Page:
George Schmidt is “mildly” optimistic about the new management team of Forrest Claypool and Frank Clark at Chicago Public School.
And that’s saying something, because the Editor of Substance News, consultant to the CTU and all-around 25-year public-schools gadfly doesn’t have anything nice to say about the old team. In fact, he says of outgoing Board President David Vitale: “He should be indicted.”
Claypool, Schmidt acknowledges, knows Chicago well, and as a three-time mayoral Chief of Staff, head of both the CTA and Park District, he has as much experience in Chicago government as anyone.
“He’s not gonna get a honeymoon and he knows it, but he’s probably one of the few people in this town who can say – I don’t need the honeymoon.” he says.
Already critics are saying that Claypool has no experience in education, and that the CEO should be an educator.
But Schmidt says the system has a separate education chief, and that person can be influential.
“Since we got mayoral control in 1995 there always has been the position of Chief Education Officer,” he explains. “So as long as we’re gonna maintain the myth that we need a Chief Executive Officer instead of a Superintendent of Schools, then the first thing they should do is bring in somebody who really does know education, and is gonna be given the power with the full blessing of the CEO…so I think it’s do-able up to when we get an elected school board and go back to having a Superintendent and end this massive 20-year-old fiction.”
Should this Chief Education Officer be from Chicago, or can this executive come from anywhere?
“You need somebody who doesn’t need a GPS to get from Bogan to Bowen High Schools,” he claims. “Forrest Claypool knows Chicago. He knows Chicago from the parks, from the CTA. You need somebody who actually knows this system, and these places and these people. You can’t bring in somebody from Colorado like they did last time…it was an insult to everybody in Chicago and it was wrong in terms of any serious way of running the organization.”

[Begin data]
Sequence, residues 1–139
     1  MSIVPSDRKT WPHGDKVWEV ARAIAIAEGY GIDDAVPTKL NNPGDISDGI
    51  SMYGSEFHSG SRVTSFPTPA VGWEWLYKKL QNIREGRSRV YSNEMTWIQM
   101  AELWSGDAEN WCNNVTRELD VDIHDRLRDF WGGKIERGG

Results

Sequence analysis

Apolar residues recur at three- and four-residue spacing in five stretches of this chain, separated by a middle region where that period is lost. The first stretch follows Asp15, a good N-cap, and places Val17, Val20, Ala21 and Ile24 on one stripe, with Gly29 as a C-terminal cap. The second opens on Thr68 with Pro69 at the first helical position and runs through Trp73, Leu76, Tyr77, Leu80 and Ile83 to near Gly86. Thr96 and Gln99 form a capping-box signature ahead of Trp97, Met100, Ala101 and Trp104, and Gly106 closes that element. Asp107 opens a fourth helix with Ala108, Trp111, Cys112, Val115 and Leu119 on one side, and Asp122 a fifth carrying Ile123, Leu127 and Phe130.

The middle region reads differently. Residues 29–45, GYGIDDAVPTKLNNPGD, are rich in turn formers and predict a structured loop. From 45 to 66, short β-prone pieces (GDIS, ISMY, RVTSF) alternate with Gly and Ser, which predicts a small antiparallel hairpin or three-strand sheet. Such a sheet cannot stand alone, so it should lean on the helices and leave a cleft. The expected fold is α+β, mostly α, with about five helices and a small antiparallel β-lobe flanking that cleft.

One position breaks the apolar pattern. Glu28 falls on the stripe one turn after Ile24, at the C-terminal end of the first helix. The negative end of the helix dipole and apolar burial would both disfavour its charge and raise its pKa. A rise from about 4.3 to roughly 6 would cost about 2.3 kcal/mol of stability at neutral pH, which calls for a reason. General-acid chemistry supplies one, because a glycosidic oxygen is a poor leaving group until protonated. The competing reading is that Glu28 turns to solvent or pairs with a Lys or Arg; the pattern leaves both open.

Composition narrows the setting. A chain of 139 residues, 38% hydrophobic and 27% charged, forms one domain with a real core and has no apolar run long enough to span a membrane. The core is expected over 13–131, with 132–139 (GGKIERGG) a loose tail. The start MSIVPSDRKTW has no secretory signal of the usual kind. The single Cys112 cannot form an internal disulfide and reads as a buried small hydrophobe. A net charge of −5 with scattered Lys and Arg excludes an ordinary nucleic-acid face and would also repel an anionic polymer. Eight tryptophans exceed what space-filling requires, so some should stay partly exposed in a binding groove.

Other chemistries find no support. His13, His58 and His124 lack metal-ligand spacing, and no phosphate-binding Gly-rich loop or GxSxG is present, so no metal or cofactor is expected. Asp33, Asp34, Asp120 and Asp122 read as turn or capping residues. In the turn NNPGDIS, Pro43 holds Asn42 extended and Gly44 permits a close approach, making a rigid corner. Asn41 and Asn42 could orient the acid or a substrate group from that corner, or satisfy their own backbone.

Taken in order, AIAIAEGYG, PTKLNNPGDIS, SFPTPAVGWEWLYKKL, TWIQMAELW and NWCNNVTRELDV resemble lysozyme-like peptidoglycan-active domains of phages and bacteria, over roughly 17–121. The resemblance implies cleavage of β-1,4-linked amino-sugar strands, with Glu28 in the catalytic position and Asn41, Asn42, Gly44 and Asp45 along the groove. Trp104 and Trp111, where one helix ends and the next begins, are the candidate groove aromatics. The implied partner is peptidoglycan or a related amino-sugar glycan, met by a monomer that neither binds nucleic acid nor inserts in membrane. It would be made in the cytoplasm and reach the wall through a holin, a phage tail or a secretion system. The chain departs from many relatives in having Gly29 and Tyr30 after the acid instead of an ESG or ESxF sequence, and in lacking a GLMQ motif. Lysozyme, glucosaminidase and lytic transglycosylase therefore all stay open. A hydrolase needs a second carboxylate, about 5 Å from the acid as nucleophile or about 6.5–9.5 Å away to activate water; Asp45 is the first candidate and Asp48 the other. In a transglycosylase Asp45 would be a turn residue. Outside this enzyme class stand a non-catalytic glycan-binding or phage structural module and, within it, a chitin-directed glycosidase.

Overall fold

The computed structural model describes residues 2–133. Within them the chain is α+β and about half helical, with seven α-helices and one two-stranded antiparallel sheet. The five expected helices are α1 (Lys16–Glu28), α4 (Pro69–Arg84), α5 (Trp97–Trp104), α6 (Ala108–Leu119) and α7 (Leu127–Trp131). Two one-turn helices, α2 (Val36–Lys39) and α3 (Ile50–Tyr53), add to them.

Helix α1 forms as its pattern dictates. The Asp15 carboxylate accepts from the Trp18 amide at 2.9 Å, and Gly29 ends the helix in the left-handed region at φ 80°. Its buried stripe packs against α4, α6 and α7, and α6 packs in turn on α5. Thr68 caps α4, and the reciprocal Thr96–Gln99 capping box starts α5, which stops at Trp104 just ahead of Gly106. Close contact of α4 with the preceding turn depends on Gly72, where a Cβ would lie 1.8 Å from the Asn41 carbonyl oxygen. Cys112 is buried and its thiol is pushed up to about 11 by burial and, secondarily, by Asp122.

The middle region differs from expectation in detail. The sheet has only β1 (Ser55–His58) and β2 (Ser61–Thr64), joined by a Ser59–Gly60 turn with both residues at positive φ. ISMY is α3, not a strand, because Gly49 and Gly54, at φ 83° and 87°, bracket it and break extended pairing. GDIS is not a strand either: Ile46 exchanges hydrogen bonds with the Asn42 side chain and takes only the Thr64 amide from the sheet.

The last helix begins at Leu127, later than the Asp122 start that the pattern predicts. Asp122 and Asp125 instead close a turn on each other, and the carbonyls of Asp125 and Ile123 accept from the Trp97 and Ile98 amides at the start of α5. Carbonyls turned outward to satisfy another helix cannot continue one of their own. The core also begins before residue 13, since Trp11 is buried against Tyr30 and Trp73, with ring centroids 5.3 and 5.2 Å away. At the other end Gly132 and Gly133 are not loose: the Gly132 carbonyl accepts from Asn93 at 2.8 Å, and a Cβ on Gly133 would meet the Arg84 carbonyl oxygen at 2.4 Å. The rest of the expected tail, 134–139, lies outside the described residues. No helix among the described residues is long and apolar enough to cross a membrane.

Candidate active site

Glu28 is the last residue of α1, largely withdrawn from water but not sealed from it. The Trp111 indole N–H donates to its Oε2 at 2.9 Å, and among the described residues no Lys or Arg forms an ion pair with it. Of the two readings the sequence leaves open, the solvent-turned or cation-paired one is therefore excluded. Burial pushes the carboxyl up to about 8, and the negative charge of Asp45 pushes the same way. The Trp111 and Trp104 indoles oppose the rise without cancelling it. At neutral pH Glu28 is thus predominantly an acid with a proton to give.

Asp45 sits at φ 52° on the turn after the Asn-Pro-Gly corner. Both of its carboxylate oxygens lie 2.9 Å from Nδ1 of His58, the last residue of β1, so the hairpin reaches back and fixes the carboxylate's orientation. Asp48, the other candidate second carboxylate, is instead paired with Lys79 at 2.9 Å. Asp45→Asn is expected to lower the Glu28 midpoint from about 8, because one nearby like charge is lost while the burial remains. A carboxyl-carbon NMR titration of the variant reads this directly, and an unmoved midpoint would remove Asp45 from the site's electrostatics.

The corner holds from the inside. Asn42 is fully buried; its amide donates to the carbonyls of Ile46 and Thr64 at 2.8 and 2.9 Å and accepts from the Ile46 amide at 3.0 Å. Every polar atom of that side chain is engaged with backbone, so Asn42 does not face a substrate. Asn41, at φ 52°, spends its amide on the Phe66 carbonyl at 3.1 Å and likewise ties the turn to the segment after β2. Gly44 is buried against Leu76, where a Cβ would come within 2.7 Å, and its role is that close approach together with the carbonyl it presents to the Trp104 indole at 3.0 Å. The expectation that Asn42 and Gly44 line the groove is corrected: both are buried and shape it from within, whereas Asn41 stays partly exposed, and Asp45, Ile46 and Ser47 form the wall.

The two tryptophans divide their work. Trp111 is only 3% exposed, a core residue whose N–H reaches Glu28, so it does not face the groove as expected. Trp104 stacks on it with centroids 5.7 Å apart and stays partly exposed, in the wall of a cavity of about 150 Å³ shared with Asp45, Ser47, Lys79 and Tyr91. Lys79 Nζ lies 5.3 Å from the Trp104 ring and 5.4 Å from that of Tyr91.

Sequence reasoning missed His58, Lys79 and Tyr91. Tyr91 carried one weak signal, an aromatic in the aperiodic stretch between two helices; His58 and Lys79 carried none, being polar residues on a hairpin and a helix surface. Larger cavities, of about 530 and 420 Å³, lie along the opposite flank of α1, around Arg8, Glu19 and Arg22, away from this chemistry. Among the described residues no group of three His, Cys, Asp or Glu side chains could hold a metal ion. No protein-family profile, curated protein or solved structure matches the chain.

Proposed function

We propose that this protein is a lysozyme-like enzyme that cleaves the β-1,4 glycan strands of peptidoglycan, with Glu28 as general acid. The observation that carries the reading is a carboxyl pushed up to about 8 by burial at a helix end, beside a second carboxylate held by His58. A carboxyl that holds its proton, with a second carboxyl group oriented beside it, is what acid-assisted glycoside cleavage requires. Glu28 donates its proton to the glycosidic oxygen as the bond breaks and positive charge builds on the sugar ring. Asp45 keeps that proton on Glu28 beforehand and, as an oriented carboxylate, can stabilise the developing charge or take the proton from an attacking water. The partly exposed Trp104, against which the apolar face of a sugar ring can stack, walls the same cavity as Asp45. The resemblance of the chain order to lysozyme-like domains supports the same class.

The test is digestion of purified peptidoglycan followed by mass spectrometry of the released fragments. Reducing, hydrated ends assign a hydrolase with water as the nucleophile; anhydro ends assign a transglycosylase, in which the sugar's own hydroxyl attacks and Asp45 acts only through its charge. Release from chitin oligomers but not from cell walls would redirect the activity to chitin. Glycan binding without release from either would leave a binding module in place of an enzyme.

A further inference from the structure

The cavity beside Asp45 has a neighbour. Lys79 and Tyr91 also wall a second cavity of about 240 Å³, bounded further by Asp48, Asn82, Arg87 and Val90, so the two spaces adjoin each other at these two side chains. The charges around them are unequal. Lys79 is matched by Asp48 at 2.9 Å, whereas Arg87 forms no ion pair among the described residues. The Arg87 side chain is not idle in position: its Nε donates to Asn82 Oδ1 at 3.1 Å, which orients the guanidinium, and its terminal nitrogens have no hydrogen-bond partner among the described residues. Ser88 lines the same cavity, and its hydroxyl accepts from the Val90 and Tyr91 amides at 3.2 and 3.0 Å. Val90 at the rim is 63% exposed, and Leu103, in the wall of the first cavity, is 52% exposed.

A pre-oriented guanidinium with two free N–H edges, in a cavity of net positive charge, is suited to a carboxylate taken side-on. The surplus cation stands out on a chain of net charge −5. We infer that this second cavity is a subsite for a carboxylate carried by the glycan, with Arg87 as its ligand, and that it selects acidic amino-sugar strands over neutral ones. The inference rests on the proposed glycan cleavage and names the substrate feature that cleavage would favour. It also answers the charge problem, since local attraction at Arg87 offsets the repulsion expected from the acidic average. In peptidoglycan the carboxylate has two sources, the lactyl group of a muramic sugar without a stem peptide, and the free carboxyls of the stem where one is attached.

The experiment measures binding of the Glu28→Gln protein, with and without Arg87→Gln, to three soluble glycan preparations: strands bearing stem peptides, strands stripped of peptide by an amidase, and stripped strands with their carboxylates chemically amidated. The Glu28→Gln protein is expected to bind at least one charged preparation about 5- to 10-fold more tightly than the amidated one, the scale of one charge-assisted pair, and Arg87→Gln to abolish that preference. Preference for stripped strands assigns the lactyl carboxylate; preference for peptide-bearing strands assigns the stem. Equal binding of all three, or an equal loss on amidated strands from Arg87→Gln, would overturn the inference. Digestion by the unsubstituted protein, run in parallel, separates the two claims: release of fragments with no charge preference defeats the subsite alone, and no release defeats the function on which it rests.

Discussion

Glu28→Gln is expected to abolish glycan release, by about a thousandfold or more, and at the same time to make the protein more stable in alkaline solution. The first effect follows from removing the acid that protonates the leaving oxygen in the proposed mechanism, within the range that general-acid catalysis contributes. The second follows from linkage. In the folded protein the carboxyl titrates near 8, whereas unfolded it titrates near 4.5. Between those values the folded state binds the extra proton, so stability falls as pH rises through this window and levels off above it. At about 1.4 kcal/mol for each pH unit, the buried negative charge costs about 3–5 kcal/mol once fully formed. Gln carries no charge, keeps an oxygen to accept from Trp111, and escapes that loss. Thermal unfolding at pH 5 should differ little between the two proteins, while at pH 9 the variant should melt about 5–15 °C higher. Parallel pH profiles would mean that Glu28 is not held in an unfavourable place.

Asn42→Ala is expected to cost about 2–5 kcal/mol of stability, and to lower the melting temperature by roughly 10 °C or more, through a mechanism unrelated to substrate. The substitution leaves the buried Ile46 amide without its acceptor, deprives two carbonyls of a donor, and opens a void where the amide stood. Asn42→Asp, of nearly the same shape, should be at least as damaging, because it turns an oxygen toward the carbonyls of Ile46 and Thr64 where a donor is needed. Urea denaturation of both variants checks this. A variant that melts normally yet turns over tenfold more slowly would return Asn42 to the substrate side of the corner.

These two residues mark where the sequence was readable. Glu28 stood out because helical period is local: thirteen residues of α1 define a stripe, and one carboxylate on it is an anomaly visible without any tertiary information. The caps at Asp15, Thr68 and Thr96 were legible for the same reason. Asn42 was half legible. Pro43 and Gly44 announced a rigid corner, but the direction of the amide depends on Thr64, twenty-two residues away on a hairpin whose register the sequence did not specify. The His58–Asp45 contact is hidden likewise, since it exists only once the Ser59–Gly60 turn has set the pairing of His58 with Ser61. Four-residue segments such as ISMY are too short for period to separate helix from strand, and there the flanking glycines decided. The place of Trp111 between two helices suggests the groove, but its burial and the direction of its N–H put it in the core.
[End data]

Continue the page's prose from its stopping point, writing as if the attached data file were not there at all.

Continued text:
Do these appointments, which seem to signal a different direction from the Mayor, indicate that he wants to see things done differently? Schmidt says he’ll be watching for a couple of new initiatives.
“One is to see how the new Board and the new CEO handle the Chicago Teachers’ contract negotiations,” he tells us. “The hundred million dollars it would have taken to bring the contract in before June 30 under the old contract, for an extra year, is a small percentage of the five to six, to seven billion dollar budget (depending on whether you include capital). So when Rahm and Vitale said no, it’s not there, we can’t reasonably foresee going for it, they told the union it’s a showdown. That really was a bad idea.”
Second will be watching to see whether the new CEO recognizes the need for more funding.
“CPS needs more revenue,” he states emphatically. “And the revenue has to begin to come from an increase in the local property taxes. It’s that simple.”
And, for his part, he’ll continue to attend every Board meeting, he says, and point out every nickel of waste he can find in the budget.
“The Tribune on July 15 did great job. They pointed out that the couple of million dollars that was being wasted on the money they’re gonna lose on these variable-rate bond deals – could’ve paid for the elementary school sports coaches.”
Schmidt also calls on Claypool to reconsider the method by which school budgets are formulated, and to “overcome this crazy so-called student-based budgeting that’s basically strangled the real schools and poured the money into the charters.”
In case you’ve been wondering how CPS could, as has been widely reported in the past few days, take tens of millions of dollars from dozens of schools like Lane, Julian, GagePark and Marshall and give millions and millions to charter schools, you’re watching student-based budgeting in action.